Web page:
The exit of Richard Perle

RICHARD PERLE is not a household name in grass-roots America, and he occupies a relatively modest job in Washington. But his departure from the administration this spring could prove to be an event of major importance - one that well should add to the misgivings of conservative Republicans about the last two years of the Reagan presidency. Mr. Perle's role as assistant secretary of defense for international affairs - a fourth-level post at the Pentagon - belies his true influence. For six years he was the driving force behind the most controversial aspects of the administration's security policies - the resistance to arms control, the reinterpretation of the US-Soviet Antiballistic Missile Treaty to permit extensive ``star wars'' testing in space, and an anti-Soviet economic strategy that precipitated the most serious crisis in the Atlantic alliance in a decade.

Conservative Republicans, fearful of a drift toward accommodation with Mikhail Gorbachev's Soviet Union, have good reason to anticipate Perle's departure with apprehension. With this youngish disciple of the late Sen. Henry (Scoop) Jackson gone, a spirit of moderation and compromise is likely to grow in Washington - particularly at a time when a President in trouble is eager for a foreign-policy success to help restore his image, pragmatists have taken charge in the White House and the CIA, and the Democrats have regained the Senate.

There is no one on the scene qualified to take over Perle's unique role as defender of the pure anti-Soviet faith - a role that has earned him the sobriquet of ``the Prince of Darkness.'' A neoconservative Democratic ideologue with a keen intellect, a persuasive tongue, an exceptional grasp of strategic issues, and outstanding skill at bureaucratic infighting, he has pursued a simple agenda with unrelenting doggedness. It is an agenda based on the premise that the United States and the Soviet Union are in a veritable state of permanent war and that America must behave accordingly.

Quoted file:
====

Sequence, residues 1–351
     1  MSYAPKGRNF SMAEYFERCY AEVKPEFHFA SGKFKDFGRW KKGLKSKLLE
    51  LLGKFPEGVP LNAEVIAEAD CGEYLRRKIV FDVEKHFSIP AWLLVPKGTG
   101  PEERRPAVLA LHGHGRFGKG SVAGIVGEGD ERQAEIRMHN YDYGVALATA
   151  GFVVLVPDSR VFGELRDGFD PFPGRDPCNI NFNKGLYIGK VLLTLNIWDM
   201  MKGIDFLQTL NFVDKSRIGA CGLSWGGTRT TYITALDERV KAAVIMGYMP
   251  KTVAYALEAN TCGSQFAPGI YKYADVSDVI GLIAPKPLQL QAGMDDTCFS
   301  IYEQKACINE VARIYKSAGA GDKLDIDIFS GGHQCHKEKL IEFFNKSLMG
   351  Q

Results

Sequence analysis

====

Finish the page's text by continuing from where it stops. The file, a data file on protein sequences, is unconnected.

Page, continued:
Given that assumption, the very process of superpower arms control is deemed dangerous, because it tends to create a false sense of security and weaken the resolve of a democratic nation to sustain an adequate defense against an implacable Soviet military challenge.

Beyond that, Perle favors a US strategy aimed at undermining the Soviet economy, not simply by controlling the transfer of strategically valuable technology, but by curbing credits and any trade that might ease Russia's acute economic difficulties. He is, moreover, chronically impatient with US allies for their reluctance to embrace this doctrine.

While Perle has had only limited success in securing acceptance of a strategy of economic warfare against Moscow, he can claim striking success in shaping arms control policy. In the six years of the Reagan administration, no arms control agreements have been concluded. The unratified SALT II accord, denounced by President Reagan as ``flawed'' but still honored by his administration for five years, was repudiated last year. And, thanks to an ingenious maneuver initiated in large part by Perle, the administration is moving to gut the Antiballistic Missile Treaty.

The departing assistant secretary of defense helped engineer a move to reinterpret the ABM Treaty to permit testing of the President's Strategic Defense Initiative - which had before been universally regarded as barred by the superpower accord. Sam Nunn, chairman of the Senate Armed Services Committee, has warned that this maneuver could lead to a constitutional confrontation between the executive branch and Congress.

Perle has also employed his bureaucratic skills to forestall serious discussions in Geneva on what star-wars research is permissible under the ABM Treaty. US negotiators acknowledge that until this issue is resolved, talks over reductions in strategic nuclear arsenals will remain in a dead end.

Perle's resignation as full-time assistant secretary of defense - he will still be available as a consultant - will not automatically lead to a more pragmatic, less ideologically motivated approach to security issues. But a significant change is inevitable with the Prince of Darkness gone and with pragmatists such as chief of staff Howard Baker and national-security adviser Frank Carlucci running the White House.

At the very least, the voices encouraging a confrontation with Congress over the ABM Treaty, the star-wars program, and arms control policy can generally be expected to carry less weight. The President may even be persuaded that he cannot hope to realize his dream of major cuts in strategic nuclear arms without accepting constraints on the development of his other dream of a space-based defense system.

Joseph Fromm, a veteran foreign correspondent and editor at U.S. News & World Report, is a fellow at the Johns Hopkins School of Advanced International Studies.

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